About The Infrareds
The Infrareds are known across the globe, except for South America, Africa, and Asia, but it's surf, and as far as I know, nobody on those continents has ever even seen a guitar, let alone understands how one should be played. The Infrareds play music the correct way. Highly acclaimed, their second album, "Recorded on Microfilm," was regarded by critics as the best surf rock album of 2003, as well as receiving numerous other rave reviews for their intense live performances.
The Infrareds have toured extensively, traveling across Europe in 2005 and countless clubs and theatres within the continental U.S., including the mid west, the Eastern Seaboard & the Deep South. Audiences everywhere love their fast, intense, yet methodical tunes, except for Texas. The fact that they received poor feedback from their southern audiences is something I attribute to Southerners' generally poor taste in music as apposed to the bands musical ability. The Infrareds ROCK, plain and simple. People accustomed to listening to slow country music and really bad hip-hop just arent going to get it.
There can be no denying that The Infrareds play the fastest, most aggressive surf music in the nation. They grew up in the late seventies early eighties, listening to bands such as Agent Orange, Minor Threat, and Bad Brains, among others; which lead them to eventually discovering the origins of teenage angst and rebellion as embodied and expressed through the early sixties surf bands such as The Avengers VI, The Fender IV, (pretty much any band with a roman numerals), The Lively Ones, and Eddie and the Showmen.
Despite their current fame and fortune, The Infrareds had humble beginnings. Formed in 1999, they cut their teeth playing smaller venues in northern California, such as the Lucky 13 Club in San Francisco, Fernwood in Big Sur, U.C. Santa Cruz, and clubs all over their original hometown of Monterey, including the last show ever at the famous Dream Theatre.
Their members include Rory Fortune, embattled front man and lead guitarist. Raised on the mean streets of Fresno, California , Rory grew up a small time hustler before finding salvation in the form of an electric guitar. Escaping Fresno was a turning point for Rory, who now has developed his own brand of vegetarianism, which includes nothing but coffee and cigarettes indeed; nobody has ever witnessed him consuming anything else.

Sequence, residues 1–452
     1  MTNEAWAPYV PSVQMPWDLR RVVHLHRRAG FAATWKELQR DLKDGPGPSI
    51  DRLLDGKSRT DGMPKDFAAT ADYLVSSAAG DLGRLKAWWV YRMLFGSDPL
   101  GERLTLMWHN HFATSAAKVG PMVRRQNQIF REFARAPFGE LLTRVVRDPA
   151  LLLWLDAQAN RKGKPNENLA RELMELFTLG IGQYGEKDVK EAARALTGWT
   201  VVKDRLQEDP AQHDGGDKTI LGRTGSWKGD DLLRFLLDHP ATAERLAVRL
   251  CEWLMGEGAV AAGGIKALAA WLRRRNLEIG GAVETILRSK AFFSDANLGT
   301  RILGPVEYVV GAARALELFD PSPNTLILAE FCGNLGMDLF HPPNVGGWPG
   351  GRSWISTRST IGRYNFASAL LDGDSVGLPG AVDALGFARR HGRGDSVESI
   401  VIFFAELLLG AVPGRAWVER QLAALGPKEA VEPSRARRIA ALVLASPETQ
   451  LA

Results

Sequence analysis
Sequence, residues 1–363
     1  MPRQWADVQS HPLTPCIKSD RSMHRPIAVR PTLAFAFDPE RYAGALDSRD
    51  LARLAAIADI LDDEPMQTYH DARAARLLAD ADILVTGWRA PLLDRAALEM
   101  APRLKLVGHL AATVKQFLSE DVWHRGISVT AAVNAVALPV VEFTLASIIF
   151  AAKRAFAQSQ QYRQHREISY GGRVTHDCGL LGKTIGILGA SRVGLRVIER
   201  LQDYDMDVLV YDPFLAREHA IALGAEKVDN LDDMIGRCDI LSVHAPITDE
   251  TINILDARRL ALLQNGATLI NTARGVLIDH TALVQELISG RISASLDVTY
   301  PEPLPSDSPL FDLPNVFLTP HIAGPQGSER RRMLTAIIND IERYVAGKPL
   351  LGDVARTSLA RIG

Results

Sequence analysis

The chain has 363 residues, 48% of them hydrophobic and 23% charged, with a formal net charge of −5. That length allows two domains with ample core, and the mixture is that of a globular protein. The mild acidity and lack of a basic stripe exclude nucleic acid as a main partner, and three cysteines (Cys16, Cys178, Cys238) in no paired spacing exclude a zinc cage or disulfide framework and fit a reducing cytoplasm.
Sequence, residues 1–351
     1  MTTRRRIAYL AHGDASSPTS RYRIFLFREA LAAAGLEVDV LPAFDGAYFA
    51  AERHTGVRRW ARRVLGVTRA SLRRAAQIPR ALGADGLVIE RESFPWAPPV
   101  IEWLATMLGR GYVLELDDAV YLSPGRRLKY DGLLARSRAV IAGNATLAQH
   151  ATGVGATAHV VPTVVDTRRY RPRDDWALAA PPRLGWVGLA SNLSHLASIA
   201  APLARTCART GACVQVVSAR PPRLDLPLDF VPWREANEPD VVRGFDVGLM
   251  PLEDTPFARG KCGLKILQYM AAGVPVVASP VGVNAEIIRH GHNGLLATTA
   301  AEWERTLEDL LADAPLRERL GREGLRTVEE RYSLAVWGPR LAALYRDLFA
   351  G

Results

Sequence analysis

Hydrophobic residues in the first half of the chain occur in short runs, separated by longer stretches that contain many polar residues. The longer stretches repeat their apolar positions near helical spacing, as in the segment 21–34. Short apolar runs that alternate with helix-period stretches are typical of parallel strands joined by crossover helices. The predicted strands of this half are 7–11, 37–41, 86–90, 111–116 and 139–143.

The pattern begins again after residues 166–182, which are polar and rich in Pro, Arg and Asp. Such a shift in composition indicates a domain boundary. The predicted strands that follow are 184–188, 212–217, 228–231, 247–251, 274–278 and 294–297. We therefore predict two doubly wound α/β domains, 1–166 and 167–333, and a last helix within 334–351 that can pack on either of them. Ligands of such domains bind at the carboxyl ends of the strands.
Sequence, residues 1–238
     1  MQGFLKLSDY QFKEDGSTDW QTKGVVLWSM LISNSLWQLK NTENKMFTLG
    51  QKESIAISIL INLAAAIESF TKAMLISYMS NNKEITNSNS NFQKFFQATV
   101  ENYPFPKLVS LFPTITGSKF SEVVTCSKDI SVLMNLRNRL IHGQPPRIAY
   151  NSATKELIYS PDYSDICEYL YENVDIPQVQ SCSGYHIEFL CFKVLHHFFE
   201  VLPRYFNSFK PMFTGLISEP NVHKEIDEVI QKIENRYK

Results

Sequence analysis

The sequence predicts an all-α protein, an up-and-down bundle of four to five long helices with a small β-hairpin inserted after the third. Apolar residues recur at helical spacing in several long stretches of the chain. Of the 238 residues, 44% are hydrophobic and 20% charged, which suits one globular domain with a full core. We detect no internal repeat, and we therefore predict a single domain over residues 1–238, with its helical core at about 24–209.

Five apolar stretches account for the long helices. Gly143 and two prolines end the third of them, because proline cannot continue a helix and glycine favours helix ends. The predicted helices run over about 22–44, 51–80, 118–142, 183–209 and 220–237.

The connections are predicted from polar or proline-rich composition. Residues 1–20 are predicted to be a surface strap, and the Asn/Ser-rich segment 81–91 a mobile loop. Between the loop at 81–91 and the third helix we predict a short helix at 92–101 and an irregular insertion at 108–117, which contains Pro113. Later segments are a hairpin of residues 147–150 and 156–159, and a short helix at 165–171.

Bass guitar is handled by Kiegan Skydecker --possibly a stage name-- who can effectively be termed the "bad boy" of this group, in that Rory is saintly and their volatile former drummer, known only as "new Matt," has left to pursue a solo project. Kiegan hails from the sleepy town of Monterey, California, where he grew up hanging around the National Steinbeck Center. His bass styling's and personal appearance have been said to take after the immortal Billy Cox best known for his work with The Jimi Hendrix Experience. Few people dispute this.
New to the band is rhythm guitarist Benny Hammond. Even though he spent most of his adult life pretending to be Buddy Holly, enjoys playing volleyball, and makes a living in Los Angeles as an "artist," be assured that Benny is all man. Picture General George S. Patton Jr. standing, in full uniform, in front of the United States flag. Now picture him playing rhythm guitar in front of said flag.. That's Benny.
Also new is the drummer, Clinton Cameron. Clinton grew up in the massive shadow of older brother, "Brush Master" Clayton Cameron, drummer for such stars as Sammy Davis, Jr., and Frank Sinatra. Eager to distinguish himself from him, Clinton does his best to stay as far away as possible from the easy-listening pop music "wuss rock" -- that earned his brother such fame. Formerly of the band Fishbone, Clinton is new to the Surf genre, but he is so immensely talented that it makes little difference.
The future looks bright as The Infrareds prepare to release their fourth album, and be sure to check them out on their next tour.